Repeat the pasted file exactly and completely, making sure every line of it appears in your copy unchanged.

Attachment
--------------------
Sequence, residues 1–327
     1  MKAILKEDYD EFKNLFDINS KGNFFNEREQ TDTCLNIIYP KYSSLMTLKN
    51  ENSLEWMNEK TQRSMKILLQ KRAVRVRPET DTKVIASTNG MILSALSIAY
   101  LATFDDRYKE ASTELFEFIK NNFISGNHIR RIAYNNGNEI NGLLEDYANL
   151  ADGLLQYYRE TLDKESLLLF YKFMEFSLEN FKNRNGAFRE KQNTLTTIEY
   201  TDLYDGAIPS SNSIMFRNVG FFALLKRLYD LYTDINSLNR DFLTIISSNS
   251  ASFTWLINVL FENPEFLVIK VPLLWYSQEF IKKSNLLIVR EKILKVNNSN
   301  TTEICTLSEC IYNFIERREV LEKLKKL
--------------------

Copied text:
Sequence, residues 1–327
     1  MKAILKEDYD EFKNLFDINS KGNFFNEREQ TDTCLNIIYP KYSSLMTLKN
    51  ENSLEWMNEK TQRSMKILLQ KRAVRVRPET DTKVIASTNG MILSALSIAY
   101  LATFDDRYKE ASTELFEFIK NNFISGNHIR RIAYNNGNEI NGLLEDYANL
   151  ADGLLQYYRE TLDKESLLLF YKFMEFSLEN FKNRNGAFRE KQNTLTTIEY
   201  TDLYDGAIPS SNSIMFRNVG FFALLKRLYD LYTDINSLNR DFLTIISSNS
   251  ASFTWLINVL FENPEFLVIK VPLLWYSQEF IKKSNLLIVR EKILKVNNSN
   301  TTEICTLSEC IYNFIERREV LEKLKKL